chinch

[chinch]

Origin of chinch

1615–25; < Spanish chinche < Latin cīmic- (stem of cīmex) bug
Dictionary.com Unabridged Based on the Random House Unabridged Dictionary, © Random House, Inc. 2018

Examples from the Web for chinch

Historical Examples of chinch

  • The Chinch bug begins its terrible ravages in the wheat fields.

    Our Common Insects

    Alpheus Spring Packard

  • The chinch bugs might bother everyone else, but Martin seemed to be able to guard against them with fair success.

    Dust

    Mr. and Mrs. Haldeman-Julius

  • It takes over twenty-four thousand chinch bugs to weigh one ounce.

    News Writing

    M. Lyle Spencer

  • Oniscus asellus was sometimes called "socchetre," "church louse," and "chinch."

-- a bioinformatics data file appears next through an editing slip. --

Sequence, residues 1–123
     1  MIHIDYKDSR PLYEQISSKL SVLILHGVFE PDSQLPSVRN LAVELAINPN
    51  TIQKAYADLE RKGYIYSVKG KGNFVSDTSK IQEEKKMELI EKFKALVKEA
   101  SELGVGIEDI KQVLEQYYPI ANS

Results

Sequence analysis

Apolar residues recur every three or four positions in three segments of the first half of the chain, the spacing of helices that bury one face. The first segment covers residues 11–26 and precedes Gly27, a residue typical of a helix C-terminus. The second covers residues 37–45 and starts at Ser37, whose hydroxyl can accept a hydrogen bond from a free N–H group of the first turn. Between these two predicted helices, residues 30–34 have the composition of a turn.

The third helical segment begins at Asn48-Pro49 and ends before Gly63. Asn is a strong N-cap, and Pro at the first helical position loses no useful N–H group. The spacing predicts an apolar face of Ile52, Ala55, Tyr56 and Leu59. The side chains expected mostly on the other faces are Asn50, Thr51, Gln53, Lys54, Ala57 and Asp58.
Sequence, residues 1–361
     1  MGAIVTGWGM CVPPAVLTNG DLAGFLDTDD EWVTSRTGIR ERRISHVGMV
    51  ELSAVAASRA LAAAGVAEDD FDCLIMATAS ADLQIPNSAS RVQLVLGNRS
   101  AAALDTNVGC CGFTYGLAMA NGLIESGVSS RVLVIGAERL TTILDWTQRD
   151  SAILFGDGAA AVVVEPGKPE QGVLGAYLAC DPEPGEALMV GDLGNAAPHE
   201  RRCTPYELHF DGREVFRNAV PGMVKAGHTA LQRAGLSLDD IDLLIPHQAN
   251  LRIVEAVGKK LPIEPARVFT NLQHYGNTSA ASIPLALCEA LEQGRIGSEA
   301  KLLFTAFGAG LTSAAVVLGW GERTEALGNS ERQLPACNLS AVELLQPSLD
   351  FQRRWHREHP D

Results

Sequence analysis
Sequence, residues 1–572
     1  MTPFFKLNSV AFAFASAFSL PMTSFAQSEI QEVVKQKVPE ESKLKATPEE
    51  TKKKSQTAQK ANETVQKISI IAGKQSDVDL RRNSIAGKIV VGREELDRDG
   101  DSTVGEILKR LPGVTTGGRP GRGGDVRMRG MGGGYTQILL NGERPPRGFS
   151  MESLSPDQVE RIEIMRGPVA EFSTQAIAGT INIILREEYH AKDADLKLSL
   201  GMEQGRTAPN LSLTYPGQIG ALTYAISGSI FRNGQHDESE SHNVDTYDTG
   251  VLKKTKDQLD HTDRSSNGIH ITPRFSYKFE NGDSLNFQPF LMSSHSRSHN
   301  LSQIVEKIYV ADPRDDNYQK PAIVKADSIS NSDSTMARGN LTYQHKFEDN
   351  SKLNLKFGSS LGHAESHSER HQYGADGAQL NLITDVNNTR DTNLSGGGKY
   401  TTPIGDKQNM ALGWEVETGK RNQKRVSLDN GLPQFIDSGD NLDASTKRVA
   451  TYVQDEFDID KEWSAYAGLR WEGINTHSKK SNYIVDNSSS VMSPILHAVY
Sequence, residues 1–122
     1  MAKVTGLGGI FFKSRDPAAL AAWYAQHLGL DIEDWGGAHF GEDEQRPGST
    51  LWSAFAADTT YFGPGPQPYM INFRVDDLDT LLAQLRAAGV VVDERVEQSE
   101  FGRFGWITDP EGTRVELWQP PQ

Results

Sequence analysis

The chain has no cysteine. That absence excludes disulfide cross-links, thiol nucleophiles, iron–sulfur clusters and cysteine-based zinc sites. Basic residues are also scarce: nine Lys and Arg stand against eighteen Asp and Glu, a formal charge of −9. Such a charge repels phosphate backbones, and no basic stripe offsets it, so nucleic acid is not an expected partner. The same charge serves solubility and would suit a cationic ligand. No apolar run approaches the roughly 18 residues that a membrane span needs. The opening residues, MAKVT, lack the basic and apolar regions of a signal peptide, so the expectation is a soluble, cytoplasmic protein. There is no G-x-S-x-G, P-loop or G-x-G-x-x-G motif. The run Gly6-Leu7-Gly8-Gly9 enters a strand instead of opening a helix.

The British Woodlice

    Wilfred Mark Webb

  • Found them so popular that he took on chinch bugs at a nickel, and fairly coined money.


British Dictionary definitions for chinch

chinch

noun
  1. Southern US another name for a bedbug

Word Origin for chinch

C17: from Spanish chinche, from Latin cīmex bug
Collins English Dictionary - Complete & Unabridged 2012 Digital Edition © William Collins Sons & Co. Ltd. 1979, 1986 © HarperCollins Publishers 1998, 2000, 2003, 2005, 2006, 2007, 2009, 2012

Word Origin and History for chinch
n.

"bedbug," 1610s, from Spanish/Portuguese chinche (diminutive chinchilla) "bug," from Latin cimicem (nominative cimex) "bedbug." Related: Chinch-bug.

Online Etymology Dictionary, © 2010 Douglas Harper